After a week of outcry over an immigration policy that separated families at the border, one of the policy’s chief proponents, Attorney General Jeff Sessions, defended the administration’s hawkish approach during a speech to a school safety conference in Reno Monday morning.
Sessions said although the administration will try to prevent further family separations, it will continue to criminally prosecute border crossings under its “zero-tolerance” policy.
“The president has made this clear,” he said. “We are going to continue to prosecute those adults who enter here illegally. We are going to do everything in our power, however, to avoid separating families. All federal agencies are working hard to accomplish this goal.”
During the speech, Sessions also announced $2 million in additional funding for first responders to the Oct. 1 shooting on the Las Vegas Strip, the deadliest mass shooting in U.S. history.
“We recognize the heroic work done by police that day,” Sessions said.
The speech from the country’s top law enforcement officer came amid continued uproar over the Trump administration’s aggressive border policy, which left thousands of children separated from their parents in detention centers, and a tweet from President Donald Trump advocating for denying due process to those who cross the border. Over the weekend, Trump tweeted: “We cannot allow all of these people to invade our Country. When somebody comes in, we must immediately, with no Judges or Court Cases, bring them back from where they came from.”
Sessions, keynoting the National Association of School Resource Officers, spent much of his roughly 20-minute speech defending the administration’s zero-tolerance policy, arguing that a tight border would keep students safe from the influence of drug cartels and other violence.
“Children have indeed borne much of the burden of our broken immigration system, and the children you serve in your schools are too,” he said, making the argument that students and family members “are getting involved in drugs, getting trapped in the funnel — the vortex of addiction — that so many of them have such a difficult time breaking out of. And that’s being fed, this addiction, by drug cartels taking advantage of our porous Southern border.”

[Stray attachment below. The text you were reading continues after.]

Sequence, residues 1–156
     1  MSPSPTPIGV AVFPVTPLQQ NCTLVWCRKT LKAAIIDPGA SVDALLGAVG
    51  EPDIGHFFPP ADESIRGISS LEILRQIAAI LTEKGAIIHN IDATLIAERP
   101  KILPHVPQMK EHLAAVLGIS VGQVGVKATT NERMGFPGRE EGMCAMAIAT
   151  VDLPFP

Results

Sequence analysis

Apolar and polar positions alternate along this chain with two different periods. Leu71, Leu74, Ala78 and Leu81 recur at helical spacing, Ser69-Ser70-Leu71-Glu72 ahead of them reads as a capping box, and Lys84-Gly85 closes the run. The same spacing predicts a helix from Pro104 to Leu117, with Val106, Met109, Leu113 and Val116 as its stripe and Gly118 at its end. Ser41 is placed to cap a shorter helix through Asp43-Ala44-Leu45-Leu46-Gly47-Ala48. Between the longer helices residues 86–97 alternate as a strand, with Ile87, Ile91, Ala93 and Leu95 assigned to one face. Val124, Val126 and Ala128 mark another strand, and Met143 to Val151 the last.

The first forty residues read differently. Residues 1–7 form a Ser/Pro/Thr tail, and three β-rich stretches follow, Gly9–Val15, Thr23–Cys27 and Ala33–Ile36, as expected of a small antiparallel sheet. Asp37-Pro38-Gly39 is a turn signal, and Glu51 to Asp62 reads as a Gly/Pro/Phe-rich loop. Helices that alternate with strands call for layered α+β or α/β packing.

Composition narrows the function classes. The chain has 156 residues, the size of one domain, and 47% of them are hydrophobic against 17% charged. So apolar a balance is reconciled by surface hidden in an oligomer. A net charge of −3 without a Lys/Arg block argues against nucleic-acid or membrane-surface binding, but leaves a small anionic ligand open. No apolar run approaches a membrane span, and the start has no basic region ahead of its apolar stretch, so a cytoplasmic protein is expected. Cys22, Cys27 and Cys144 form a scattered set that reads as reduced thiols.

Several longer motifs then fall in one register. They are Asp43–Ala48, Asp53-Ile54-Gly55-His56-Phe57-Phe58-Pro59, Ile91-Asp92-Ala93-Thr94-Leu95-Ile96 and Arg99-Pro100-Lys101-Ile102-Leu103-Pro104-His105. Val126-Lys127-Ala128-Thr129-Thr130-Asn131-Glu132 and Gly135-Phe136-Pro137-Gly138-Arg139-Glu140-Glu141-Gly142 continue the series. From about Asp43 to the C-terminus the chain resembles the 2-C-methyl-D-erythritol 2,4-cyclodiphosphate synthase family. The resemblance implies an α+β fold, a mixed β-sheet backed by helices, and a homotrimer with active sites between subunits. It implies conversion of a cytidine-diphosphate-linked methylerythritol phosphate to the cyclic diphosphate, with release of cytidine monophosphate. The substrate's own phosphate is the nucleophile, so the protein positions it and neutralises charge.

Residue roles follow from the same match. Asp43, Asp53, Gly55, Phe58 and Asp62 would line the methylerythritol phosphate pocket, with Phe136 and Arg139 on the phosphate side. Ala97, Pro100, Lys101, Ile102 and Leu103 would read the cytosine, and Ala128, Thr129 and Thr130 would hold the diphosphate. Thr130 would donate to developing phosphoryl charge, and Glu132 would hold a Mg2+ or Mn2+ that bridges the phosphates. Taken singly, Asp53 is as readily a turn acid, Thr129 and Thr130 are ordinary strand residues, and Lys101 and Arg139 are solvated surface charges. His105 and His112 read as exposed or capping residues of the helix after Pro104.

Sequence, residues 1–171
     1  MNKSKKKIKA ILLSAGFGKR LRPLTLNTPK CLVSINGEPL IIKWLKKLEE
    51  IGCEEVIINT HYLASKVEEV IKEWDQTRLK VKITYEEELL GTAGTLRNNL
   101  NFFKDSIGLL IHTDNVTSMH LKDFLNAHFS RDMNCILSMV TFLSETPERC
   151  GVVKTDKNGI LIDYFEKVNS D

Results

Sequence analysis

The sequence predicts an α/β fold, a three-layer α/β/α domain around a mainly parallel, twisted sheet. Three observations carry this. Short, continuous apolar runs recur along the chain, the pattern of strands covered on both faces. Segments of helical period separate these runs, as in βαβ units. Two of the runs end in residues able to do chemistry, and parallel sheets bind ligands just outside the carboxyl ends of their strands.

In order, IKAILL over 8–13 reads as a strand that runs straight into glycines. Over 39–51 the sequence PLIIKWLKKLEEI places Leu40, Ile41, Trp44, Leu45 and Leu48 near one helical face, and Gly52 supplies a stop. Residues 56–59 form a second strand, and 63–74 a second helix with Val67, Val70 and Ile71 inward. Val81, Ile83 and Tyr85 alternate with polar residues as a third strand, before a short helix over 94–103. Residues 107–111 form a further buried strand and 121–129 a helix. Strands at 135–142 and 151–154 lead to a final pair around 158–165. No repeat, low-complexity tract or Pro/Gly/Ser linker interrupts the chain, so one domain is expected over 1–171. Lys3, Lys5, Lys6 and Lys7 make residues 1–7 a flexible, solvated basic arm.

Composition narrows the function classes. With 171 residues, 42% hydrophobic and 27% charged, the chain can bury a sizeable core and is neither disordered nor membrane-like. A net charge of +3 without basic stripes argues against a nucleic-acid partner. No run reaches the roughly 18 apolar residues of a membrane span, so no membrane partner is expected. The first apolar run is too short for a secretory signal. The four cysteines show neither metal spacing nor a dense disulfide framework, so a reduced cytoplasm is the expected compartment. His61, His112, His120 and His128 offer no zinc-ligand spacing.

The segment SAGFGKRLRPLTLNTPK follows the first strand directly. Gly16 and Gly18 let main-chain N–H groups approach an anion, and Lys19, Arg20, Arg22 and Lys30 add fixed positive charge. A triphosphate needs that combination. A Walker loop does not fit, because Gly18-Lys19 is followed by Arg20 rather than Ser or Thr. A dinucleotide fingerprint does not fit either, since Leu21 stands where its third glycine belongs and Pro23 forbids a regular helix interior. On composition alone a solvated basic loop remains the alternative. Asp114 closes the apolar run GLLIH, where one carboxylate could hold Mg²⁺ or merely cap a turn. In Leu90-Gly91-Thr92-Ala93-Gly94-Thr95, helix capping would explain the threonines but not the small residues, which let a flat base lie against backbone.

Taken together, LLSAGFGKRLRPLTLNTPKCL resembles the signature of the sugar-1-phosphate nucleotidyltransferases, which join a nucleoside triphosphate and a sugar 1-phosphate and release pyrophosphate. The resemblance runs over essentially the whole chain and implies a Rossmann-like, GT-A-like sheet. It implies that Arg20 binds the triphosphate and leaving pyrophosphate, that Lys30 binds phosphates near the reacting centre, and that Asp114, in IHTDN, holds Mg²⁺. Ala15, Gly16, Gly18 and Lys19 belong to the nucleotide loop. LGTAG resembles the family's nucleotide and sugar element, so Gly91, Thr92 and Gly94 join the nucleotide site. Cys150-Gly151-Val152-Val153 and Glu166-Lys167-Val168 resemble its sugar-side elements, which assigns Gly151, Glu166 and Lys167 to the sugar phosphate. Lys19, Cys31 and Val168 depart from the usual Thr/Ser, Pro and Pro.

Sessions’ remarks before the school safety conference at the Peppermill Resort in Reno drew large protests from groups led by the Progressive Leadership Alliance of Nevada. According to tweets from KUNR reporter Karina Gonzalez, dozens of protesters blocked Virginia Street, a main road for the city, as they chanted: “Let them go, set them free, prosecute the ICE!”
The Reno Gazette-Journal reported earlier this week that more than 20 progressive and labor groups called on the conference to disinvite Sessions as its keynote speaker. “Show your members and the world that you stand on the side of human decency and morality,” they wrote.
Alejandra Hernández Chávez came to Reno in 2000 as an undocumented immigrant, but her status has since been changed. She attended the rally before the Sessions speech and emphasized the importance of making sure immigrant communities are represented and heard from.
“There is a great need for our voice in the community,” she told The Nevada Independent. “We need to show that in backing and support and letting Jeff Sessions know that he is not welcome here in Reno. We do not stand with the policies and the decisions he has made.”
The peaceful demonstration outside of the Peppermill drew roughly more than 100 protesters, and Reno police let the street be blocked from traffic for nearly one hour during the speech. In addition to carrying signs that read things like “Abolish ICE,” several protesters came with red armbands on, signaling their willingness to be arrested if the police tried to break up the rally.
“I disagree with the Trump administration on tearing children away from their families,” said Kailey Barnett, one of the protester wearing a red armband. “We reject Jeff Sessions.”
Although much of the focus has been on family separation, the attorney general said that more than 80 percent of border crossings involve children who are traveling without a parent.
“You may not know that our government spends large sums of money each year to protect and care for unaccompanied alien children who are recklessly sent to the United States by family members,” Sessions said. “A billion dollars a year.”
Sessions also urged Congress to pass new immigration laws.
“We need Congress to act,” he said. “This is a difficult and frustrating situation.”
This article reprinted with permission from The Nevada Independent. Those interested can email firstname.lastname@example.org